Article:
Sudan economy in crisis almost year after Bashir ousting
Mass protests erupted in Sudan in late 2018 against a government decision to triple bread prices. Bashir's ousting last April was followed by months of talks, against a backdrop of continued protests, that eventually produced a transitional government comprised of civilian and military officials.
But today in Khartoum, little has improved for most Sudanese. People queue up for around three hours to buy bread, and six hours to fill their tanks at petrol stations. Power cuts last six hours a day, and gas bottles for domestic use are hard to come by.
"People protested for change," said Hassan Ibrahim, who had been waiting hours to fill up his minibus - his only source of income - with diesel fuel. "There were martyrs and young people sacrificed their lives. Those who govern today need to step down if they feel they are incapable of improving the situation", the man in his fifties said.
More than 250 people were killed during the protests and unrest that ended Bashir's 30-year rule, according to doctors linked to the protest movement.
The women of Sudan's protests
Women have been the driving force behind the months of protest that resulted in the ousting of Sudan's long-term president, Omar al-Bashir, in a coup d'état. They continue to protest for peaceful change and are willing to accept great hardships along the way.
Alaa Salah, the woman who became famous worldwide when an image of her leading chants to a crowd went viral
The woman who came back: Khadija Saleh lived abroad for six years. She returned to her native country in March in order to take part in the protests for a new Sudan. "I left my safe place because I want a better future for this country," says the 41-year-old.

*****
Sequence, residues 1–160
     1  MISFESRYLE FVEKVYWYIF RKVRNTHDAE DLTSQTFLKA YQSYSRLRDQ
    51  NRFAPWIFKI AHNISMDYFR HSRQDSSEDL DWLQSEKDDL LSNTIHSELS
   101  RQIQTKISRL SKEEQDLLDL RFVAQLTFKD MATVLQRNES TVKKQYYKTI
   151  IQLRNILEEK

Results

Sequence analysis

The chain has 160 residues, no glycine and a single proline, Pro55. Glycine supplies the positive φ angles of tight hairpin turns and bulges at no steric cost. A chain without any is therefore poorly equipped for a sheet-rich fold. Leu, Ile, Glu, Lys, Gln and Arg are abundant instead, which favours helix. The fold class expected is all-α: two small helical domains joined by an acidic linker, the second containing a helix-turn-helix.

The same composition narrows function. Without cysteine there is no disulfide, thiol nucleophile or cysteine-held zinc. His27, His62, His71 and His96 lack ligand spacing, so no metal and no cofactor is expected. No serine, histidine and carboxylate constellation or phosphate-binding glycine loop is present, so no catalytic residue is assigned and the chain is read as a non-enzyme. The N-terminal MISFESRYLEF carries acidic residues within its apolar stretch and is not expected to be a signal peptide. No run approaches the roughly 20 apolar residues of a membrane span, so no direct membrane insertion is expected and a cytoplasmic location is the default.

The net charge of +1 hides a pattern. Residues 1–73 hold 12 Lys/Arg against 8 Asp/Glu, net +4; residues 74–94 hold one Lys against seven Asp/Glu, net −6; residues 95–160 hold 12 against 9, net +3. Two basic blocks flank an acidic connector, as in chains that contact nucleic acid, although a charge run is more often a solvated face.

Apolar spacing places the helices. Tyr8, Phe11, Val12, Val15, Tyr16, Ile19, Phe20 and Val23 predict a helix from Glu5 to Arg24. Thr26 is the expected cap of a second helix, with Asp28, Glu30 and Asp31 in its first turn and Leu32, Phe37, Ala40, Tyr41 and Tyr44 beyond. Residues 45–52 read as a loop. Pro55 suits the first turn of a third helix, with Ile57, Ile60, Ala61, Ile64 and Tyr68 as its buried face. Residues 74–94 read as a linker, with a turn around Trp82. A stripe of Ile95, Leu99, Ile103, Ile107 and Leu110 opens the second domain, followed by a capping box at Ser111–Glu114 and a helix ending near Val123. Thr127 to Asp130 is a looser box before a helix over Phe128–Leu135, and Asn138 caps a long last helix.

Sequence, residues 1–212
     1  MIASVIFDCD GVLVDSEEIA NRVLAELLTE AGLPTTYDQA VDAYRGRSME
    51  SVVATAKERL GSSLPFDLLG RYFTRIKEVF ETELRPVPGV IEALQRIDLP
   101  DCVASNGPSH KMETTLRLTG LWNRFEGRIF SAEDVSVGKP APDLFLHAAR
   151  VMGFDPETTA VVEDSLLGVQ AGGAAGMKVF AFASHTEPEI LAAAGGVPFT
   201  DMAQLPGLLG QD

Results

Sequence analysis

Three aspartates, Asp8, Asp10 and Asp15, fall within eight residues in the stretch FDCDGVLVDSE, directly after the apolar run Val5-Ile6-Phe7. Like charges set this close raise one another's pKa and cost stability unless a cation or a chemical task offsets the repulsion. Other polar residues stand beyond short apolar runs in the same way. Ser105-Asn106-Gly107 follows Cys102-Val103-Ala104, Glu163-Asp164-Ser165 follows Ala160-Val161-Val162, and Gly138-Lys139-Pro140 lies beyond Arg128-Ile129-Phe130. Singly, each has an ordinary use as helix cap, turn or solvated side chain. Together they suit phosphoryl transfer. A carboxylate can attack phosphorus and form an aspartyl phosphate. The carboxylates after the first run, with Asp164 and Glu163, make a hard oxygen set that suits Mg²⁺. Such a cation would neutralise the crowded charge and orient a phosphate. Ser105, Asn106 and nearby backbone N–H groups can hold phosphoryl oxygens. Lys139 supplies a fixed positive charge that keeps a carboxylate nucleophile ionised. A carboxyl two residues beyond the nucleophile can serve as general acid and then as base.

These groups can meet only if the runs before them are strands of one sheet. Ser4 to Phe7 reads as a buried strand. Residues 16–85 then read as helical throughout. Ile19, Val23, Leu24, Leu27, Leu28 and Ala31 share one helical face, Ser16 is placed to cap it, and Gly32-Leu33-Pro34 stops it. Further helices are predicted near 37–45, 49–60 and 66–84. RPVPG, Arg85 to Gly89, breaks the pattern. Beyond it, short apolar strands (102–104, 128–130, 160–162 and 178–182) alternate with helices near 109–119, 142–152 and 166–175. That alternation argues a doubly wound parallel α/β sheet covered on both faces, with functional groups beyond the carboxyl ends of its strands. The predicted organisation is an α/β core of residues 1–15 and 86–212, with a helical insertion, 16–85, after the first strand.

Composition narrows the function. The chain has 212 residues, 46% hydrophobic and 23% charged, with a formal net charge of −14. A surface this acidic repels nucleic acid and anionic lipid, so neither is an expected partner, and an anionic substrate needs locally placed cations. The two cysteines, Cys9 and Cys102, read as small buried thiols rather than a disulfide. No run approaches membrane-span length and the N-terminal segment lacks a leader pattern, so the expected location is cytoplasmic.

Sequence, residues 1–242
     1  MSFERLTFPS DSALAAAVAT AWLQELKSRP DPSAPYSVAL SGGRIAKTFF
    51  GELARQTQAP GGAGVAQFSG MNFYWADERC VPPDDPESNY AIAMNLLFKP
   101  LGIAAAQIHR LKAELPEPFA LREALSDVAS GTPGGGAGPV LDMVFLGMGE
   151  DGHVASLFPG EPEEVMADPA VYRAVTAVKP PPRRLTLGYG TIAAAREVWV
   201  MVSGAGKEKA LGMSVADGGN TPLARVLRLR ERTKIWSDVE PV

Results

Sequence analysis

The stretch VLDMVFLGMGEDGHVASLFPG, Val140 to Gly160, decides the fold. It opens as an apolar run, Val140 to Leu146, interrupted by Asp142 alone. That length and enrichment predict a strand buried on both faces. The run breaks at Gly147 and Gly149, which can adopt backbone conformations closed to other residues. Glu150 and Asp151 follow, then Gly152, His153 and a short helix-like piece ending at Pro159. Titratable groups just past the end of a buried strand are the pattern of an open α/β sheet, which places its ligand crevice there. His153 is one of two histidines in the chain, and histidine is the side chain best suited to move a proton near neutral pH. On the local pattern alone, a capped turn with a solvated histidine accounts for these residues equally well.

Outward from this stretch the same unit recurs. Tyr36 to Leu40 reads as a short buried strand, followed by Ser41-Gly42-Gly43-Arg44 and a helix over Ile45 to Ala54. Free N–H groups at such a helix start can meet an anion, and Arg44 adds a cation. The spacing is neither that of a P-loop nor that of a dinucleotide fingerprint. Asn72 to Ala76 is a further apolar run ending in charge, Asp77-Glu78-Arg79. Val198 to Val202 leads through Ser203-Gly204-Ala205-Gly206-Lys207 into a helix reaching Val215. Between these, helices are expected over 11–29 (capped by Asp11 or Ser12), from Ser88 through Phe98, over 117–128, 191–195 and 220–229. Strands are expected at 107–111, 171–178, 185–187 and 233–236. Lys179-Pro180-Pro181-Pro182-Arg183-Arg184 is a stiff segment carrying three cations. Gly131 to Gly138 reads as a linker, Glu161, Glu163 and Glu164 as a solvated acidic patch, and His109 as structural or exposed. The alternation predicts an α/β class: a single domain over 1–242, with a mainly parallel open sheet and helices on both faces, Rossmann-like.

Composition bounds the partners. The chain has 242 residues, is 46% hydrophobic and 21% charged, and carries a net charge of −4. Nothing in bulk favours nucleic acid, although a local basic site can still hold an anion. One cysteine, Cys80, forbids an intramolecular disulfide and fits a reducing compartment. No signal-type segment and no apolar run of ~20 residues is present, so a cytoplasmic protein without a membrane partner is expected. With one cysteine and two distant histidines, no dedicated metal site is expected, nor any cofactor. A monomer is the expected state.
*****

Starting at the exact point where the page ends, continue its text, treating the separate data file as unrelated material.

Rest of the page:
The activist: when security forces violently broke up a protest camp close to the Ministry of Defence in Khartoum on 3 June, 53-year-old Nahid Gabralla was beaten and threatened with rape. "My daughter deserves to live in a good country. That is why we are fighting for a democratic Sudan."
The supporter: Hadia Hasaballah works for an NGO that supports victims of the violence that took place on 3 June. Eye witnesses and activists have reported that women were sexually abused on that day. There is no official confirmation that these acts were perpetrated. "No Sudanese woman will openly admit that she was raped because of the stigma attached" says Hasaballah.
The silent warrior: during the Bashir era, there were strict moral codes for women. They could be arrested simply for wearing trousers. Mahi Aba-Yazid was wearing trousers when she was in the protest camp in Khartoum. She too was beaten. The 35-year-old believes that the reason was more the clothes she was wearing and less her devotion to the cause
The independently minded woman: "I don't want to wear a headscarf, but it is not my decision," says 23-year-old student Duha Mohmed. She would like to have the right to wear what she likes. This was one of the reasons she took part in the protests.
The optimist: Nagda Mansour spent 75 days in prison because she took part in a demonstration in December. The 39-year-old translator finds it problematic to negotiate with the military about change because of the army's role in the war in Darfur. Nevertheless, she considers the agreement to initially share power with the military to be "a beginning, not the end."